Fun-Filled Evening Honors C. John Weborg

Post a Comment » Written on February 9th, 2006     
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By Stan Friedman

CHICAGO, IL (February 9, 2006) – Friends and colleagues of Dr. C. John Weborg used a variety of names in describing him during a dinner last week that featured a hefty helping of “roasted professor” while introducing a recently completed festschrift in his honor.

They called him friend, director, pastor, mentor, preacher, teacher, scholar, and colleague. Jay Phelan, president and dean of North Park Theological Seminary, noted that the retired professor has even been called a saint, “though Lois disputes that,” he added, in reference to Weborg’s wife.

Dr. C. John Weborg The ad hoc choral group “Norman Church and the Flying Buttresses” opened the evening with an updated version of the Jimmy Dean classic, “Big Bad John.” The parody told the story of Johnny Rome – a technological Luddite who saves the seminary when its computer goes down – to the obvious delight of Weborg’s friends who know of his preference for paper and pen. (To read the lyrics, please see Big Bad John)

The musical group later honored the man, who perhaps has influenced Evangelical Covenant Church worship as much as any other person now living, with a “new hymn” that drew its title from one of Weborg’s trademark phrases, “Are you with me?” The words were set to the tune of the traditional hymn, “Are Ye Able, Said the Master.” (To read the lyrics, please see Are You With Me?)

Several people offered their own tributes and, in another moment of humor, others read contrived statements they attributed to people who could not be there, including Pope Benedict XVI and the 18th Century Protestant reformer Johann Albrecht Bengel, about whom Weborg wrote his doctoral thesis. Several times through the evening, speakers poked fun at the length of their colleague’s thesis, the “Eschatalogical Ethics of Johann Albrecht Bengel: Personal and Ecclesial Piety and the Literature of Edification.”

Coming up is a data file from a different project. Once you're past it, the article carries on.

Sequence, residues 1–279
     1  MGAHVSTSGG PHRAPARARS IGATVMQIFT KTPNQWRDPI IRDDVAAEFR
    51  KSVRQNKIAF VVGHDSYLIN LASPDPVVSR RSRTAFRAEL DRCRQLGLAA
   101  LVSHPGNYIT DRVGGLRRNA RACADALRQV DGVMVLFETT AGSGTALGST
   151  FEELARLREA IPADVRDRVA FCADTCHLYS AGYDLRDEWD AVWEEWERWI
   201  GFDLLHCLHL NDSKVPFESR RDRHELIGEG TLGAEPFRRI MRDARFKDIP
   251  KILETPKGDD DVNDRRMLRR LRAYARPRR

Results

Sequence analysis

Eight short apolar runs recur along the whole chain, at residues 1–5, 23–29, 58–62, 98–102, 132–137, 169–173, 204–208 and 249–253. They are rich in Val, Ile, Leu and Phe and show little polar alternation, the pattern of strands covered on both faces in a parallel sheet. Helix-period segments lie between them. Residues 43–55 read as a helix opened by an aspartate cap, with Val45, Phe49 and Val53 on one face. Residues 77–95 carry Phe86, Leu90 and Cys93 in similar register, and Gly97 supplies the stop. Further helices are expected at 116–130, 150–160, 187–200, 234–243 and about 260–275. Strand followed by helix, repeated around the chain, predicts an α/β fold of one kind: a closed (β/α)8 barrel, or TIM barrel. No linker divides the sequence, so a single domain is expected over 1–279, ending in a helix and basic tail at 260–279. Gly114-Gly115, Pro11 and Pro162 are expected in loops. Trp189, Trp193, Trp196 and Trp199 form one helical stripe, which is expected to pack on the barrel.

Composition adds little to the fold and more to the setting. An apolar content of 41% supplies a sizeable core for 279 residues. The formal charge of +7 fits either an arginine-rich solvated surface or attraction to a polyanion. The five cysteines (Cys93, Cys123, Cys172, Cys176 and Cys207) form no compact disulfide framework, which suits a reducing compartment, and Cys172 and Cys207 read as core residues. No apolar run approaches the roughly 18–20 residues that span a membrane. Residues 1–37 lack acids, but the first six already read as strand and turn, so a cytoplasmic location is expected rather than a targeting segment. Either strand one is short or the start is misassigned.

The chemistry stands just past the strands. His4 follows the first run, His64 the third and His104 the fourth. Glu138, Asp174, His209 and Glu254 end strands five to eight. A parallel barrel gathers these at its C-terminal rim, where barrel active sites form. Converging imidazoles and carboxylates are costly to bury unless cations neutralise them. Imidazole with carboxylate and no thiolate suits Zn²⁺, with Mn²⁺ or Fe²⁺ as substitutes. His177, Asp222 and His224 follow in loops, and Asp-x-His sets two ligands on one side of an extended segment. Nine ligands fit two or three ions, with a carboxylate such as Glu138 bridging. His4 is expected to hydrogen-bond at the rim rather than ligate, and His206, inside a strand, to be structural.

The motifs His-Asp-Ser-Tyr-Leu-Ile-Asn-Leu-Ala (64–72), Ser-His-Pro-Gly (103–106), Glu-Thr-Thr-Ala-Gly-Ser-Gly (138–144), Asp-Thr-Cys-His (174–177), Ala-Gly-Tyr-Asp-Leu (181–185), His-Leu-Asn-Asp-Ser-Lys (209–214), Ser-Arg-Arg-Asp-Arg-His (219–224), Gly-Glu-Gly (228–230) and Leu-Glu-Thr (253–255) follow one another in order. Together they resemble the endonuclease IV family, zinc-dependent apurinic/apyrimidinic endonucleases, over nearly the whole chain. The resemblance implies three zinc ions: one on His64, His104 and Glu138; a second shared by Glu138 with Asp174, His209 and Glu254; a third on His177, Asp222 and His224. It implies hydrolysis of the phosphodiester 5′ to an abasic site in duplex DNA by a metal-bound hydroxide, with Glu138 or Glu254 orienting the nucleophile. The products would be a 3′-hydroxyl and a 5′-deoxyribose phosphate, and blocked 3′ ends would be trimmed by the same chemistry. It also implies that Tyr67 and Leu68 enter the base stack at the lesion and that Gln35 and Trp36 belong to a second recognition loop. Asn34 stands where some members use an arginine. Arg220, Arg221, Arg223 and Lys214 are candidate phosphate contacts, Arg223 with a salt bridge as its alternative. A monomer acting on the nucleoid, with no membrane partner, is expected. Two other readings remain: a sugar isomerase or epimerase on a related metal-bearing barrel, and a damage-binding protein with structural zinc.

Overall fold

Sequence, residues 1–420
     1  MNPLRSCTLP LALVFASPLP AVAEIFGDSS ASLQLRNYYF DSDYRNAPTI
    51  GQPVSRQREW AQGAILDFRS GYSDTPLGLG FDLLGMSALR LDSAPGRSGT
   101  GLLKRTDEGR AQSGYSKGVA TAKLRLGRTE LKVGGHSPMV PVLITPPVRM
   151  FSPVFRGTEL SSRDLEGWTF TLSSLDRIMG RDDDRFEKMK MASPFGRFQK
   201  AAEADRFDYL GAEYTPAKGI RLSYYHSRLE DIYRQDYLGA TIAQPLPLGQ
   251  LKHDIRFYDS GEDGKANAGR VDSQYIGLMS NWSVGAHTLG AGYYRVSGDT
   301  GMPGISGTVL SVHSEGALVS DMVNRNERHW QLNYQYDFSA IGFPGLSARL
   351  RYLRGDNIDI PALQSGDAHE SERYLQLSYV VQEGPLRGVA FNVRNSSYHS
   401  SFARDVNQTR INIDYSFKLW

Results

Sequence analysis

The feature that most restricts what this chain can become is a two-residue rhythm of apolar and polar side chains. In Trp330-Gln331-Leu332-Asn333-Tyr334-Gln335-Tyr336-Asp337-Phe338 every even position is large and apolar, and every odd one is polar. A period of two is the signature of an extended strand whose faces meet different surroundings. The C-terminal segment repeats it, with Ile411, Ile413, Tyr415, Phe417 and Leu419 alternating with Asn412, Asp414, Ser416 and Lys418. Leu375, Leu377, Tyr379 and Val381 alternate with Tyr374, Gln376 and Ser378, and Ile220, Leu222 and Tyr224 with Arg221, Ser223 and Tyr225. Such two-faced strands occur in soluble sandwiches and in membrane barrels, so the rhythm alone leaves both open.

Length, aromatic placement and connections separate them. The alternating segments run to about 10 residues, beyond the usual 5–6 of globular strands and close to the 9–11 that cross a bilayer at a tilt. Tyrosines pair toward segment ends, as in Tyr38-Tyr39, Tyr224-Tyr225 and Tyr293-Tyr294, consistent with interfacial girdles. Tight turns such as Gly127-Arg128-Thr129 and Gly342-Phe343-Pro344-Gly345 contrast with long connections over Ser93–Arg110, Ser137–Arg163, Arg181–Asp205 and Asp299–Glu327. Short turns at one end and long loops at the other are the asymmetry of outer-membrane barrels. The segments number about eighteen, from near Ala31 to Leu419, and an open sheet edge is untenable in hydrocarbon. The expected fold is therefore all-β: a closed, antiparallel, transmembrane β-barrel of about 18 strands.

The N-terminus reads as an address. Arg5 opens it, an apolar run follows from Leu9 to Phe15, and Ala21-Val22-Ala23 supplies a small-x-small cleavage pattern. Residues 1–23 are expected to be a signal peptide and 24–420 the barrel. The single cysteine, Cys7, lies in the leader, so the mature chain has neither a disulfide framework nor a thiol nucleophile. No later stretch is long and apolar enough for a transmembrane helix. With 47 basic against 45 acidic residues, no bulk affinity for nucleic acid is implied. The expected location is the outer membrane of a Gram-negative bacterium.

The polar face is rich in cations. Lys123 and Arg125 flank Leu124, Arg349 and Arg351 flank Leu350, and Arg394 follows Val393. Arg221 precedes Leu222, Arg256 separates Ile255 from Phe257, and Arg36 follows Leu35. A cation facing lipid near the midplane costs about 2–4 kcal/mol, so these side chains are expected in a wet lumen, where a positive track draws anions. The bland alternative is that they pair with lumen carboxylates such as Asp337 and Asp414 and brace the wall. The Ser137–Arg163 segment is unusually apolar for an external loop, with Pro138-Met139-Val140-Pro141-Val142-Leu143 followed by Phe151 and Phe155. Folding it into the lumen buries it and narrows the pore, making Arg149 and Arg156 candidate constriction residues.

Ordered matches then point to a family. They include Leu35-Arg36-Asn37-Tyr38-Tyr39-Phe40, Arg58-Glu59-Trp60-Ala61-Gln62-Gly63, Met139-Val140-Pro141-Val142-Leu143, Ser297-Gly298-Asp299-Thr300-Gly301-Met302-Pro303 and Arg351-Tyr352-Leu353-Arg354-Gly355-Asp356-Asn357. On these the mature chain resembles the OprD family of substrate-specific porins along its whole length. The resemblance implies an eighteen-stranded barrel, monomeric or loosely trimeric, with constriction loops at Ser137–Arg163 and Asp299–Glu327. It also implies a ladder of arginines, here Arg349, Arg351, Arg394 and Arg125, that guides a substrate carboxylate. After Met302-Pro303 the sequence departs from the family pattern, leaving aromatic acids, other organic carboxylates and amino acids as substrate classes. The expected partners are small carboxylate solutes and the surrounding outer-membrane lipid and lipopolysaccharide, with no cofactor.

They all acknowledged Weborg’s contributions to the Covenant. Vice President Donn Engebretson told Weborg, “You are the person that the evangelical church trusts.” He added, “We as a whole family of faith thank God for you.”

“You say you have (retired), but we know you’re not – and please don’t,” said Professor Phil Anderson. “There’s only one of you, and we are saying that you belong to us.”

When it came time for his own remarks, Weborg drew much laughter when he said, “I am constitutionally opposed to anything too simple.” He added, “There is no person worthy of what has been said tonight.” (See accompanying photo.)

In an age where what happens in smaller churches often is overlooked, Weborg noted that his home church never reached more than 30 members. He paid tribute to his early confirmation teacher, Sam Carlson, who pushed a young Weborg to memorize scripture and the catechism.

“It came across to us at an early age that the Christian faith has content,” Weborg said. It is a passion he has carried with him through the years, mediating God’s grace to all around him.

“I will forever be a Weborgian,” said Debbie Blue in her tribute, no doubt reflecting the sentiment of many other Covenanters.

The festschrift, a German word used to describe a collection of essays written to honor someone, is scheduled to be published this Spring.

Copyright © 2011 The Evangelical Covenant Church.

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